News Feature

Web exclusive, August 25, 2016
Authors Among Us
Penn Rhodeen’s Peacerunner tells how one man can make a difference

Stonington author Penn Rhodeen

Penn Rhodeen, a long-time Stonington summer resident, will speak on his book, Peacerunner, at the Blue Hill Library on August 31, at 7 p.m.

Photo by Anne Berleant Order prints of selected PBP photos.

by Anne Berleant

Sometimes a writer searches for a good story to tell and other times the story comes to him. Penn Rhodeen, a longtime Stonington summer resident whose early desire to write had been shelved for decades, published Peacerunner in 2016, a true story about one man’s drive to help bring peace to the centuries-old conflict between Britain and Northern Ireland, opening a window into “the Troubles,” as the conflict was called, and how it was resolved.

Rhodeen will speak at the Blue Hill Library on August 31, at 7 p.m., following well-attended stops at the Stonington Library in July and the Sunset Congregational Church earlier this summer.

“I felt it was a really important story that hadn’t gotten its due,” he said in a recent interview, and “is relevant to the question[s] ‘What is politics good for? Can you do good with politics?’”

The difference between the story told in Peacerunner and the usual political tale is that the story’s hero, Bruce Morrison, operated outside official avenues. A New Haven-based attorney and ex-Congressman, Morrison was able to leverage the high regard the Irish people had for him through his work as a Congressman, where he chaired the House Immigration Subcommittee.

“[Morrison’s] credibility in Ireland came from his including 50,000 visas for the Irish in his 1990 immigration bill that became known as Morrison Visas,” Rhodeen explained, “and led the Irish to say that he walked on water.”

Rhodeen’s own credibility in writing Peacerunner springs from a friendship with Morrison that dates back to their shared time in the New Haven Legal Assistance Association. At that time, Morrison was still a law student, and Rhodeen was a staff lawyer with a longstanding, proactive interest in United States politics.

“Bruce cornered me in a stairwell on a Legal Aid matter,” Rhodeen recalled. “I walked away thinking perhaps I had met the most brilliant lawyer ever.”

What made Morrison’s successful efforts between the two sides in Northern Ireland and leaders in Ireland, Britain and the U.S. a game-changer was how it helped create a new role for the United States as a peace broker, Rhodeen said.

“It established the U.S. as an honest broker, available to everyone,” he said, while also signaling “a huge departure for American participation” in the politics of Northern Ireland. For the first time, Americans were pursuing a policy independent from Britain and were connecting with both sides of the conflict, not just the Catholics that Irish Americans traditionally focused on.

While over 20 years ago, some may remember when Gerry Adams, president of the Irish Republican Army’s political arm, Sinn Féin, was granted a visa in 1994 to come to New York for a conference, and the controversy and fanfare that accompanied it because of Sinn Féin’s label as a terrorist organization by the American, Irish and British governments.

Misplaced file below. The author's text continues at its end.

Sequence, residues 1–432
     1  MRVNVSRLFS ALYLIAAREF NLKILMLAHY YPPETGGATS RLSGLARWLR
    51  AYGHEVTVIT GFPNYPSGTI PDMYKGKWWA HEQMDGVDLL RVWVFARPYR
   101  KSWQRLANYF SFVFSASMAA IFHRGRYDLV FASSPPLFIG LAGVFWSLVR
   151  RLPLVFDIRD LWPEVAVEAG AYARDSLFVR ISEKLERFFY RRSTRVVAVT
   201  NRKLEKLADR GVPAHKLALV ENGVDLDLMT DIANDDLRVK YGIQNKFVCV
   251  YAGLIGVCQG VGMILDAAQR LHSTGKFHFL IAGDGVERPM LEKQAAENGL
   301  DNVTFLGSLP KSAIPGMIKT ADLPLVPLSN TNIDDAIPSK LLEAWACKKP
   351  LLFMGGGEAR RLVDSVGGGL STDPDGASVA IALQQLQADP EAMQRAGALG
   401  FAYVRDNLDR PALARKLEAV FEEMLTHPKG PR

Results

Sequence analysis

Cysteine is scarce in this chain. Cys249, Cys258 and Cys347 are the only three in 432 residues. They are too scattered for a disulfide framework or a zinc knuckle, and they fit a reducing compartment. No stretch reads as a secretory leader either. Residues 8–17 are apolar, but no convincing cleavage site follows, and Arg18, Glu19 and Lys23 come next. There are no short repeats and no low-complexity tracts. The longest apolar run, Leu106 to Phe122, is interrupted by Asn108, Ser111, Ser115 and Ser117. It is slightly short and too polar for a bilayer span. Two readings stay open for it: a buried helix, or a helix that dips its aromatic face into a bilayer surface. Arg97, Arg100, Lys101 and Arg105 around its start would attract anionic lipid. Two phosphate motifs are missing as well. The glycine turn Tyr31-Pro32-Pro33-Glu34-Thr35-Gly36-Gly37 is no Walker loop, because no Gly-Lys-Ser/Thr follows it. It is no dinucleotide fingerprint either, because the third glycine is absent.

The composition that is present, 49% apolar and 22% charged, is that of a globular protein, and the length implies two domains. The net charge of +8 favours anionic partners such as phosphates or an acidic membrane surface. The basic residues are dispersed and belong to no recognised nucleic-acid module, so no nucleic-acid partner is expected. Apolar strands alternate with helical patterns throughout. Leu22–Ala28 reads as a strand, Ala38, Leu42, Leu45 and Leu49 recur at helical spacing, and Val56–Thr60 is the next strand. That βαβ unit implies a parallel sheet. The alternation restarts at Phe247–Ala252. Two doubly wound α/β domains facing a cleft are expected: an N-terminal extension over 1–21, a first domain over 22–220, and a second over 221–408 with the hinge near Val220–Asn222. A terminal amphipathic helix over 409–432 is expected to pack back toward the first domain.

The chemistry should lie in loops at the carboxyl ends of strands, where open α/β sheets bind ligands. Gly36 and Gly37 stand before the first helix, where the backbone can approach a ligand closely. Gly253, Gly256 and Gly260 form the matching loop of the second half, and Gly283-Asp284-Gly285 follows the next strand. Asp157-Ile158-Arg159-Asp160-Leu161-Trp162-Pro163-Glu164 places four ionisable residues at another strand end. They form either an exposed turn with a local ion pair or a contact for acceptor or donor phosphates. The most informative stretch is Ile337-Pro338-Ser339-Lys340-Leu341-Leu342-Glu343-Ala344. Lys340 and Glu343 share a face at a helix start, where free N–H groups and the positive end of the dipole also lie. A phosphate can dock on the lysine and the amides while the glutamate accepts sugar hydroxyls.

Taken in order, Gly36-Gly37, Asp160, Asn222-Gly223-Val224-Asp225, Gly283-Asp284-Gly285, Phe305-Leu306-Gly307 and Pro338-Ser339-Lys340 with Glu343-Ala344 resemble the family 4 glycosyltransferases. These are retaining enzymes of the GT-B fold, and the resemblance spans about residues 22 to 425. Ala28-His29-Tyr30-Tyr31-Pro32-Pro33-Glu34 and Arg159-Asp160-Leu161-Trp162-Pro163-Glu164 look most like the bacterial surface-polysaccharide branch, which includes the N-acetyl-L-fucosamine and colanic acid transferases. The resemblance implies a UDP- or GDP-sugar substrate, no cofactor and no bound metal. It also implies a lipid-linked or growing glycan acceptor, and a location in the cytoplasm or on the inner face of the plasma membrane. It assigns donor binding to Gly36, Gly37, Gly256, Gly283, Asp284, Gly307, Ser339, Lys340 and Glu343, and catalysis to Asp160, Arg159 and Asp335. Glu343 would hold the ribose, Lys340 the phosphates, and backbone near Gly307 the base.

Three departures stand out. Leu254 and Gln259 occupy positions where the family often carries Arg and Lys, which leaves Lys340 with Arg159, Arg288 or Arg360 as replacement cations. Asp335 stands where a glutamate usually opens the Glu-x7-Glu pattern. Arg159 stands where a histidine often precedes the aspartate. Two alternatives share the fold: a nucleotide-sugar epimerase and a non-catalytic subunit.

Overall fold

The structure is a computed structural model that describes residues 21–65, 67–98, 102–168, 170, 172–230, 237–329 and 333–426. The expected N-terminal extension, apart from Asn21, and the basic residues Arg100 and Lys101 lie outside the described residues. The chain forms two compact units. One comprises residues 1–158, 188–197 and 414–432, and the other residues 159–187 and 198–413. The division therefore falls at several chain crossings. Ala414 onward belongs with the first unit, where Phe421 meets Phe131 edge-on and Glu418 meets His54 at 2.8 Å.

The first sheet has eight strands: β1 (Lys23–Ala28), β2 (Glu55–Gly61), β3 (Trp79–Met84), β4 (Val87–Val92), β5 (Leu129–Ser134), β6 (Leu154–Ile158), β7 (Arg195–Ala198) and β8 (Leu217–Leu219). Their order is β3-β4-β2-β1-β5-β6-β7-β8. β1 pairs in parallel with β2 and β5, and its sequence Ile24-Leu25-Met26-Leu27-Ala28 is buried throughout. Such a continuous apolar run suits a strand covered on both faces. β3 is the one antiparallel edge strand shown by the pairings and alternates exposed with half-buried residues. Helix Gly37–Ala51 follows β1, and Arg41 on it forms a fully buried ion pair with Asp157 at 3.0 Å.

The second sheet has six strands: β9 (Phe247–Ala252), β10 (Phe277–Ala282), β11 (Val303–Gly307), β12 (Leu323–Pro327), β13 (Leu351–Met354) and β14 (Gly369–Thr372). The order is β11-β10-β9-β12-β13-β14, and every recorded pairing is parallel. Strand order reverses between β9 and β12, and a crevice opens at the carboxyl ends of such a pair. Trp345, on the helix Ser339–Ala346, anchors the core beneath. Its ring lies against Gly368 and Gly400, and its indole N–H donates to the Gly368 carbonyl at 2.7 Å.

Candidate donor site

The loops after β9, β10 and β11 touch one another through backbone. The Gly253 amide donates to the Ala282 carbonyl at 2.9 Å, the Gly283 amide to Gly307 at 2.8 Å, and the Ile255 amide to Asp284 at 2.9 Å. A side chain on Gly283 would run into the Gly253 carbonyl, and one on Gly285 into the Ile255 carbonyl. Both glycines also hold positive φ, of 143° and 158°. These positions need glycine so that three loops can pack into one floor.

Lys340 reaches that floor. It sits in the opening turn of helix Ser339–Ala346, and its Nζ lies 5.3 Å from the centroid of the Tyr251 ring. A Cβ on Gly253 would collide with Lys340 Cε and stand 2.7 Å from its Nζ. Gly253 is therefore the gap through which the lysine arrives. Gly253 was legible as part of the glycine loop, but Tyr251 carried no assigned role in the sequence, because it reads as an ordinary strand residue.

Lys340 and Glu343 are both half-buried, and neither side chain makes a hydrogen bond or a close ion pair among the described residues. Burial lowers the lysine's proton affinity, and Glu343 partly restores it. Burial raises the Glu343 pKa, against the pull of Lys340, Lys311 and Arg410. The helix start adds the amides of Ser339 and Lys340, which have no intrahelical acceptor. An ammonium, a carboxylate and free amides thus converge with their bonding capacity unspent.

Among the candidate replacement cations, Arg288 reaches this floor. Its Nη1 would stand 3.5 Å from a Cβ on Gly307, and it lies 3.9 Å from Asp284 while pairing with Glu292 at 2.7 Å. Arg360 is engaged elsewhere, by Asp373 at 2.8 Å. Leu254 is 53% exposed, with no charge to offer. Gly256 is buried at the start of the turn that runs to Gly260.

Morrison exhibited a political prowess by operating outside any U.S. officially sanctioned role, and using private funds, to work with Sinn Féin towards first a ceasefire and then, ultimately, negotiations chaired by George Mitchell that led to the 1998 Good Friday Agreement that ended the warfare.

“The brilliance of what Morrison did was to perfectly create a whole context to make Clinton [act],” Rhodeen said.

Former President Bill Clinton wrote the foreword for Peacerunner, and Rhodeen used interviewed and published statements from Northern Ireland, British, Irish and American politicians and officials to illustrate the story, which he began writing five years ago, after speaking with Morrison at a New Haven event.

“He was talking about writing his memoirs,” Rhodeen said. “It was evident he wasn’t going to do them. Finally, I just decided, I’ll tell the story.”

A reminder from a friend that Rhodeen had once said he wanted to write the “great American novel,” helped the wheels begin to turn, even though Rhodeen said he didn’t remember ever saying that.

However, he had written editorials and op-ed pieces on politics and current events, published in major newspapers, including the New York Times. And while he works to publicize Peacerunner, Rhodeen is already “reaching out” to people for a second book, he said, on a Texas man executed based on “arson forensics” evidence that did not hold up to close inspection by a top arson scientist. Rhodeen said he is especially interested in the ways the man’s socio-economic standing, and judgments on his behavior after the fire, influenced the guilty verdict. The story has already been profiled on the PBS show Frontline and in New Yorker magazine.

The story speaks to Rhodeen’s “lawyer side,” while echoing the operatic tragedy of “a nobody who gets caught up in a inexorable, terrible destiny.”

As he continues, his passion becomes evident. “People are infinite in their willingness to judge people by behavior in extreme circumstances they know nothing about,” he said. “I think of The Crucible. I think of The Stranger…How tough it is to be on the margins, even though we’re less class-based as a culture…I’m always moved by what can happen to people when things beyond their control dictate the course of their life.”

Reflecting on his finished book and the one just under way, Rhodeen noted, “Peacerunner is different; it’s a hopeful story about people changing what always seemed to be their destiny. This new story is about a different kind of hope: although we can’t alter its cruel outcome, it can help us see how to prevent such a tragedy from ever happening again.”